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Make Sure Your Industrial Control Panels are UL 508 or NEC Compliant

Sept. 22, 2015
After many Code cycles, most industrial control panels are still not in compliance with industry accepted standards.

Article 409 [Industrial Control Panels] of the National Electrical Code (NEC) has been a part of the Code since the 2005 edition. Industrial control panels are defined in Art. 100. Basically, these panels can be any assembly of relays, pushbuttons, motor controllers, etc. Getting a listing for custom control panels is typically not reasonable due to the high cost of certification and testing for each unique panel. Therefore, there are thousands of industrial control panels built in garages and shops across the U.S. every year that aren’t UL 508 listed**.

The internal wiring arrangement and component placement of a typical custom-made industrial control panel.

Any time a control panel is not listed, it must comply with the requirements set forth in Art. 409. But it’s amazing how many control panel shops today aren’t even aware of Art. 409. Many times, control panels are built in small local shops that specialize in instrumentation, and they aren’t familiar with the NEC requirements.

It’s been my experience after inspecting many control panels over the past 10 years that there are a few common control panel NEC violations. These are the most common:

  • Sections 409.22 and 409.110, Short Circuit Ratings and Markings — Sec. 409.110 requires extensive markings, including the short circuit rating if it contains more than just control circuit components. Since the term “control circuit components” isn’t defined, it’s up to the Authority Having Jurisdiction to ultimately decide what this term means. Applying a little bit of common sense, however, along with the definition in Art. 100 for “control circuits,” it would be reasonable to assume if the control panel includes anything other than control circuits, control relays, pushbuttons, indicator lights, etc., then it would require a marked short circuit rating. Without a doubt, if there is any sort of power for receptacles, motor controllers, breakers, fuses, overload relays, etc., the short circuit rating has to be marked on the panel. This is probably the number one non-compliant item I’ve run across.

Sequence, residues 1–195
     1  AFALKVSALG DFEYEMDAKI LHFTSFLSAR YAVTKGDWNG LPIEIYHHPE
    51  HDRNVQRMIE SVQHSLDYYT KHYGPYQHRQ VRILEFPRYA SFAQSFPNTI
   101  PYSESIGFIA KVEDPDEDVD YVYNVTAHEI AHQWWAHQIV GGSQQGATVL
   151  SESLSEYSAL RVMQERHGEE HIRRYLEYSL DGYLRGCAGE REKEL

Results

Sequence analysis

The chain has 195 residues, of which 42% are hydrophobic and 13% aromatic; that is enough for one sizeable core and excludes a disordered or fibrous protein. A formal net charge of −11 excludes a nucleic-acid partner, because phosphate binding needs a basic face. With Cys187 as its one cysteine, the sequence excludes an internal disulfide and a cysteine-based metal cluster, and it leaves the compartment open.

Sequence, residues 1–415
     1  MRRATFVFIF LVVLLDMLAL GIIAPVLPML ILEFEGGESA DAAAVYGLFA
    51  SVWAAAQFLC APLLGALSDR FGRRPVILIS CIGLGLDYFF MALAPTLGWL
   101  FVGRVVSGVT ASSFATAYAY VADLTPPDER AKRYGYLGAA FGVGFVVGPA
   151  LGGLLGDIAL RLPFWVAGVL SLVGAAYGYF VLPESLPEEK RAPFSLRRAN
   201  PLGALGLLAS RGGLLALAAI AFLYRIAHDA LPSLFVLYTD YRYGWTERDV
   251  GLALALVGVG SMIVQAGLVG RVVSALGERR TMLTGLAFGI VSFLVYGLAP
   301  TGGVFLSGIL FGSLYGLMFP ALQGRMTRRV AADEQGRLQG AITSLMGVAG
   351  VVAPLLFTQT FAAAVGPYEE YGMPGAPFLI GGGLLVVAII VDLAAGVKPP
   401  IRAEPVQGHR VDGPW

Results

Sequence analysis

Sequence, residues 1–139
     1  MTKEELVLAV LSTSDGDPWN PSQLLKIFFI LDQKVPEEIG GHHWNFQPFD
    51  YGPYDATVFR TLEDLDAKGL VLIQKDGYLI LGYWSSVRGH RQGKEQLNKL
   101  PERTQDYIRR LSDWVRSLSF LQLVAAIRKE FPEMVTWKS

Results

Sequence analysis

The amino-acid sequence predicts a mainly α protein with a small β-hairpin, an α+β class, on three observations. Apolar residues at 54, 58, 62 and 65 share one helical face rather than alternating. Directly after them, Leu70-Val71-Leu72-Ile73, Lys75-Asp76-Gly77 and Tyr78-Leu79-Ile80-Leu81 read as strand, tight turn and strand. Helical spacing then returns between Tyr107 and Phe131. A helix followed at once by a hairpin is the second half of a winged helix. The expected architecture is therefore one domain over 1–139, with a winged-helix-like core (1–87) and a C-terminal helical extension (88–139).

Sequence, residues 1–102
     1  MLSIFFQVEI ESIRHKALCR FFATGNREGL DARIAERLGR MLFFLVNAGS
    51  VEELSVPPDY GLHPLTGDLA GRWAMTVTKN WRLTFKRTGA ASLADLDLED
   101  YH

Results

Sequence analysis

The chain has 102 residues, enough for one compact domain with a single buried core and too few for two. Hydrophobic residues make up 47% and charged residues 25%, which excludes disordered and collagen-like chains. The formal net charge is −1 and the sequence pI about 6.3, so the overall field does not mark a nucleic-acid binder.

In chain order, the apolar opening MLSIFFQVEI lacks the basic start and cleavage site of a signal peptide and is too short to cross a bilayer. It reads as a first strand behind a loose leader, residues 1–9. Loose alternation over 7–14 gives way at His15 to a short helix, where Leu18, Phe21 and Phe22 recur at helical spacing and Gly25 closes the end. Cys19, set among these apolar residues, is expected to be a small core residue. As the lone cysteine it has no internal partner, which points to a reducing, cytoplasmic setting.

• Section 409.104, Wiring Space and Wire Bending Space — Many times, the control panels are too small and confined to permit the required wiring space and wire bending space. This is especially true on retrofits. Most of the time, the original control panels were built “fit for the purpose,” and no future space was allowed. So any time relays or terminals need to be added, the conditions are ripe to violate this requirement.

Obviously, if you’re in the electrical industry, you should be familiar with the NEC in its entirety. But for those of us in the industrial sector who deal with control panels, having a firm understanding of Art. 409 will help ensure a safe and reliable control panel assembly.

**On a side note, UL 508 will soon be replaced by international UL Standard 60947-4-1. Prior to Jan. 26, 2012, listed control panels were evaluated to UL 60947-4, unless a customer specifically requested it be evaluated per UL 508. After Jan. 26, 2012 and up to Jan. 26, 2017, new control panel assemblies are to be evaluated to UL 60947-4 only, but revisions to existing listed control panels may be evaluated using UL 508 (if requested). After Jan. 27, 2017, all listed industrial control panels must meet UL 60947-4-1 specifications.

© 2015 Fluor Corporation. All Rights Reserved.

About the Author

Eddie Guidry | Senior Fellow

Eddie Guidry is a senior fellow with Fluor Enterprises, Inc., Sugar Land, Texas. He is highly skilled in electrical and control systems for industrial construction, design, and engineering (both domestic and abroad). The majority of Eddie’s 38 years of experience includes upstream and downstream portions of petrochemical plants and refineries. He is also heavily experienced in water and wastewater treatment facilities. Eddie is very active in the development of U.S. national (ANSI) and international codes and standards, and has been a principal member of the National Fire Protection Association (NFPA) National Electrical Code (NEC) committee since 1999 and NFPA’s National Advisory Committee on Electrical Safety Research since 2008. Eddie, who has also developed and conducted many electrical courses and seminars over the years, currently holds the corporate Master Electrician license for Fluor Corporation in the State of Texas and is also an ICC/IAEI certified electrical inspector.

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